by Maurie Backman | Updated July 25, 2021 - First published on Dec. 29, 2020
Many or all of the products here are from our partners that pay us a commission. It’s how we make money. But our editorial integrity ensures our experts’ opinions aren’t influenced by compensation. Terms may apply to offers listed on this page.
Don't let a money-related hiccup get in the way of your goals.
It's been a tough year for many of us, thanks to the coronavirus pandemic. From unemployment to income loss, a lot of people have struggled in 2020 due to circumstances outside their control. In fact, Fidelity reports that 68% of U.S. adults experienced a financial setback in 2020. If you're part of that statistic, here's how to move forward in the coming year.
Maybe you racked up $1,000 in credit card debt when your hours were cut at work. Or maybe you wound up in the hospital and have a $1,200 bill. No matter your exact circumstances, figure out just what hole you've landed in so you can make a plan to climb out.
In the case of credit card debt, for example, it'll help to look at how many cards you owe money on so you can pay them off in order of highest to lowest interest rate (or, better yet, do a balance transfer to lower the interest rate on all that debt). And if you owe money to a medical provider, you may be eligible for a low-interest payment plan.
If your finances took a hit in 2020, look to spend more conservatively in 2021 to get back on track. Following a budget will help, especially if you're somewhat clueless about what your various bills cost. If you are, don't beat yourself up -- you just need a budget to get your facts straight.
Comb through the past year's credit card and bank account statements to see what your expenses have cost you on average. Then record every expense somewhere -- a notebook, a spreadsheet, or a budgeting app. From there, go through your spending categories and find ways to cut costs.
A big reason people experience financial setbacks is that they're ill-equipped to deal with unplanned bills. If you're without an emergency fund, aim to build one in the coming year. Ideally, keep three to six months' worth of living expenses in a savings account -- but don't worry if you can't hit that goal soon.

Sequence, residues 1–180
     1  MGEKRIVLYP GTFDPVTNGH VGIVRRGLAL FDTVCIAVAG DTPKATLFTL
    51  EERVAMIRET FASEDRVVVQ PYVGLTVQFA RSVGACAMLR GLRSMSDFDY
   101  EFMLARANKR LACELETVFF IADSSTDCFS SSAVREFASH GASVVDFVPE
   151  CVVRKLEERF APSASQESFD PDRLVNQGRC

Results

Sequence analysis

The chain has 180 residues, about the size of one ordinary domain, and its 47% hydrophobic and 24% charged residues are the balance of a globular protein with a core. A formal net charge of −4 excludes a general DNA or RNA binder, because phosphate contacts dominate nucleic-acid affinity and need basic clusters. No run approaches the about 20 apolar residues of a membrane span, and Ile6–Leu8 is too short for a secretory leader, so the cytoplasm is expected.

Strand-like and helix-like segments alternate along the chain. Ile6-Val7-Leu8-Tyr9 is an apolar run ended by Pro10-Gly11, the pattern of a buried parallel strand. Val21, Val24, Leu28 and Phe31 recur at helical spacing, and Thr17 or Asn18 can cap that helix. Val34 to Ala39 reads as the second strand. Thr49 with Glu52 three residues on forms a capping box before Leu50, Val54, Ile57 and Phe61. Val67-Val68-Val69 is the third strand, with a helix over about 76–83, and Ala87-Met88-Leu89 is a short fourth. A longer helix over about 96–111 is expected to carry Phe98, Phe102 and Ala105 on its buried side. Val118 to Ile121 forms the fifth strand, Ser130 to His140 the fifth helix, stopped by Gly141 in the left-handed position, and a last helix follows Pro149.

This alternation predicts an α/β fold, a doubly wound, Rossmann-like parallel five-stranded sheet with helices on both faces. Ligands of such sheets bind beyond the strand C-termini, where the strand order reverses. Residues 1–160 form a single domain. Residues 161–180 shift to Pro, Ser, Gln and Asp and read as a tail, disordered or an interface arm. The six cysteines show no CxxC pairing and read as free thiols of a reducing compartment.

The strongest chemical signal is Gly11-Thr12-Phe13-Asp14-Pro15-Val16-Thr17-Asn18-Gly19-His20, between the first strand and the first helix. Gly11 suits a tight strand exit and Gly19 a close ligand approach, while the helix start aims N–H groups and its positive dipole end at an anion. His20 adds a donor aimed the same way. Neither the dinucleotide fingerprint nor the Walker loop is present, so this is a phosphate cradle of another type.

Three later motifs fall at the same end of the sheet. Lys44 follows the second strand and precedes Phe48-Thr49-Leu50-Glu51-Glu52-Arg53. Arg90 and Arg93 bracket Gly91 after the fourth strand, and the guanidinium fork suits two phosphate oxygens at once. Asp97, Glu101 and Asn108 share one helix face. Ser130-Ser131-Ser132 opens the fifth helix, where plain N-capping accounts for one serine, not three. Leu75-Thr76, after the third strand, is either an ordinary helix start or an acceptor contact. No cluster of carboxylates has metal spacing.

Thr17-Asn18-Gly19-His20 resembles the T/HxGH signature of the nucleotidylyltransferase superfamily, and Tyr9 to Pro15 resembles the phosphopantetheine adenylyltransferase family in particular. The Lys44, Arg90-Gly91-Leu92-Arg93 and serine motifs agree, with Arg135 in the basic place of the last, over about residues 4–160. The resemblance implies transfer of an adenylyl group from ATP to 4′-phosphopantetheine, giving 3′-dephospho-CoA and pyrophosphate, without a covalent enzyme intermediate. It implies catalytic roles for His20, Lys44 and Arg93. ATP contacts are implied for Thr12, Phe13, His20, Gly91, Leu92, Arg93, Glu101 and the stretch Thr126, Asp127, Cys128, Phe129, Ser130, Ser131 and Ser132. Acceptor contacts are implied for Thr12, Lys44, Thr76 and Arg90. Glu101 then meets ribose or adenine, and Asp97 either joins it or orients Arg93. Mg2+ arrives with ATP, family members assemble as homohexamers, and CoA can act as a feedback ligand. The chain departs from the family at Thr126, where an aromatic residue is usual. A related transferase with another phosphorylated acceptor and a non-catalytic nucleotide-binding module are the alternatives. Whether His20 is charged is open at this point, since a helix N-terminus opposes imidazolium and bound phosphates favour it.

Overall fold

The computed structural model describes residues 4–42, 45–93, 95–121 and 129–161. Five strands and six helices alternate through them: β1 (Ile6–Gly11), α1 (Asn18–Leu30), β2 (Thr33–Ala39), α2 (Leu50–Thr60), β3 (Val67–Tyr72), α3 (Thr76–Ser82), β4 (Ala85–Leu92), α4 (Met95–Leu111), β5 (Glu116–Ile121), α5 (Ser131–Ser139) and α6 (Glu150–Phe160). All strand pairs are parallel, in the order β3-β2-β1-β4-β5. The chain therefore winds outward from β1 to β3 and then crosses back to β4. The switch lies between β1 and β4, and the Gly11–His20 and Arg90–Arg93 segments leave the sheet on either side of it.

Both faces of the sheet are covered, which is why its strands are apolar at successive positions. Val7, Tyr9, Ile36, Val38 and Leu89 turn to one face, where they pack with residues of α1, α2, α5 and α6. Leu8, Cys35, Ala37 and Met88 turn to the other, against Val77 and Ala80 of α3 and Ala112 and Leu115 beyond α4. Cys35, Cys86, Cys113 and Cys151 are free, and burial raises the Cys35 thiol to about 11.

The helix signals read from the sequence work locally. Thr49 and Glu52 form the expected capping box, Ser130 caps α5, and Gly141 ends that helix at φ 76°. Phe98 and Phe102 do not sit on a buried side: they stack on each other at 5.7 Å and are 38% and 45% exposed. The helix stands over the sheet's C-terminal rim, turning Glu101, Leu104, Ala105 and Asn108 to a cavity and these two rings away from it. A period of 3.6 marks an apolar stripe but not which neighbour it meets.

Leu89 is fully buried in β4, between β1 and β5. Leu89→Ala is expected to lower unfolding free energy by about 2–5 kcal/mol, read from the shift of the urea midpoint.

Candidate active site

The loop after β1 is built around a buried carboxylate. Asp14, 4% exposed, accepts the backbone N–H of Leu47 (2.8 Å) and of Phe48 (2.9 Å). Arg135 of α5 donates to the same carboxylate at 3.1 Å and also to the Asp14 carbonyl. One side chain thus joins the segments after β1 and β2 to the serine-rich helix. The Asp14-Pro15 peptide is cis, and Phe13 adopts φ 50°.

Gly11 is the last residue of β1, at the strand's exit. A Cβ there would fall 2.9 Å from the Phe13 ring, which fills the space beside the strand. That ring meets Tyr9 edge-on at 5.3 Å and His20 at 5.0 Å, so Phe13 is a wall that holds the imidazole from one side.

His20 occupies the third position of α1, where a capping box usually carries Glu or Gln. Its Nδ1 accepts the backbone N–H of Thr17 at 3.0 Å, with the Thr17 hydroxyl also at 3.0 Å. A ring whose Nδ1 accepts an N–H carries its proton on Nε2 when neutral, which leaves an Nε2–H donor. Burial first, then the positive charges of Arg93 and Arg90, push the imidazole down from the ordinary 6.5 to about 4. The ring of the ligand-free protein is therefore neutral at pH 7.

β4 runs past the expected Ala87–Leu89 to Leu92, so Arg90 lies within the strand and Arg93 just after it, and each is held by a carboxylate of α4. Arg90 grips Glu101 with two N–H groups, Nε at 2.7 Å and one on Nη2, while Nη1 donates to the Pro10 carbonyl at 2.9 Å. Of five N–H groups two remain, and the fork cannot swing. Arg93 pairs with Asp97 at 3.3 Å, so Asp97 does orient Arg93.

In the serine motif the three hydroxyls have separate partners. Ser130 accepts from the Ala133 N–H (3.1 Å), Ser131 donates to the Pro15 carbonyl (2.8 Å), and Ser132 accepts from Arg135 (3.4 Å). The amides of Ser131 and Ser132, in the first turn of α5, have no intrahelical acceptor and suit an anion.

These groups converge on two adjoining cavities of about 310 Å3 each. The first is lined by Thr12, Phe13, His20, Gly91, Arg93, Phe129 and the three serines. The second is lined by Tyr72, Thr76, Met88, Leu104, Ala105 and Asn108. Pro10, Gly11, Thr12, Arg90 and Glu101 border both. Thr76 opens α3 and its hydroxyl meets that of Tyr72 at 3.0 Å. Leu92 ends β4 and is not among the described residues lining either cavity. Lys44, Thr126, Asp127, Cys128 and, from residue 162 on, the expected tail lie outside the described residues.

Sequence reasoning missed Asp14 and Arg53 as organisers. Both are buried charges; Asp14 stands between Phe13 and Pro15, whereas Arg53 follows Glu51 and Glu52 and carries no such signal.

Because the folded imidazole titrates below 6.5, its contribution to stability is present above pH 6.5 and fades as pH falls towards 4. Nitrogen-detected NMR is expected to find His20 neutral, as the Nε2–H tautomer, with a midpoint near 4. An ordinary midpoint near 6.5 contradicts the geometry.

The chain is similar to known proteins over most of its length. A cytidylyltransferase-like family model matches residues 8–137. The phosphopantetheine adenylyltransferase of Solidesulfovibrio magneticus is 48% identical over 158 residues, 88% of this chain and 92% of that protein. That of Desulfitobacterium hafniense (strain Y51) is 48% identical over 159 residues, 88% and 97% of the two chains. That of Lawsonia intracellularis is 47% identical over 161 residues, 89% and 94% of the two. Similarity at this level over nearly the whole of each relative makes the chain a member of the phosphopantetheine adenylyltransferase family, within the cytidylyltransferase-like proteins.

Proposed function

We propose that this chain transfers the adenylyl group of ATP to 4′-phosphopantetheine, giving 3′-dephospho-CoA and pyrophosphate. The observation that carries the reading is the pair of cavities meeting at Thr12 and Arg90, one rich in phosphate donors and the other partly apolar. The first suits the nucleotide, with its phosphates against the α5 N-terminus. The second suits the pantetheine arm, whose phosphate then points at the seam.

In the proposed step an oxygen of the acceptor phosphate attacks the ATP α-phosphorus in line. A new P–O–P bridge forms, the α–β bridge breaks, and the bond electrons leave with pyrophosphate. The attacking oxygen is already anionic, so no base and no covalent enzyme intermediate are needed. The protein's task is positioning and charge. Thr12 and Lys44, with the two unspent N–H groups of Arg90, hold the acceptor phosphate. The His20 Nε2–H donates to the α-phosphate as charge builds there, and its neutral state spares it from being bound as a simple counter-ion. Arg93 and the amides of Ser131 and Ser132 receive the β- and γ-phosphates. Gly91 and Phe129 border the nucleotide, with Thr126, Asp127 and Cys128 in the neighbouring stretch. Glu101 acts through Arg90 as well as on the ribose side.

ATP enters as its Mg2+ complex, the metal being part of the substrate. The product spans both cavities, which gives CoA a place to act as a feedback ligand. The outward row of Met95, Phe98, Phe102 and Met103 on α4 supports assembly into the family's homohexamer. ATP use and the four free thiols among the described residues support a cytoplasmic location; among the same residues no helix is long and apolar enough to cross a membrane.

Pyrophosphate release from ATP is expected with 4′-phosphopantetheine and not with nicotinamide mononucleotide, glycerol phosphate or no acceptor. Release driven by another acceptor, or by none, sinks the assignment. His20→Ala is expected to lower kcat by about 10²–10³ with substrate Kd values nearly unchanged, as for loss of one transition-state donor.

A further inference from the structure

If you're starting with nothing, it will take time to reach your ideal emergency fund balance -- aim to achieve it over time, and start by simply doing the best you can. If your goal is to build a $9,000 fund, but you close out the year with $2,000, that's a heck of a lot better than nothing.
The past year was stressful at best for many people. For others, it was an utter nightmare. If you fell victim to a financial setback in 2020, take comfort in the fact that you're in good company -- but take control of that situation. Don't let it continue to hurt you. If you approach your recovery calmly and methodically, there's a good chance you'll close out 2021 in a much stronger place financially than where you start.
If you have credit card debt, transferring it to this top balance transfer card secures you a 0% intro APR into 2023! Plus, you’ll pay no annual fee. Those are just a few reasons why our experts rate this card as a top pick to help get control of your debt. Read The Ascent's full review for free and apply in just 2 minutes.
We’re firm believers in the Golden Rule, which is why editorial opinions are ours alone and have not been previously reviewed, approved, or endorsed by included advertisers. The Ascent does not cover all offers on the market. Editorial content from The Ascent is separate from The Motley Fool editorial content and is created by a different analyst team.
The Ascent is a Motley Fool service that rates and reviews essential products for your everyday money matters.
Copyright © 2018 - 2021 The Ascent. All rights reserved.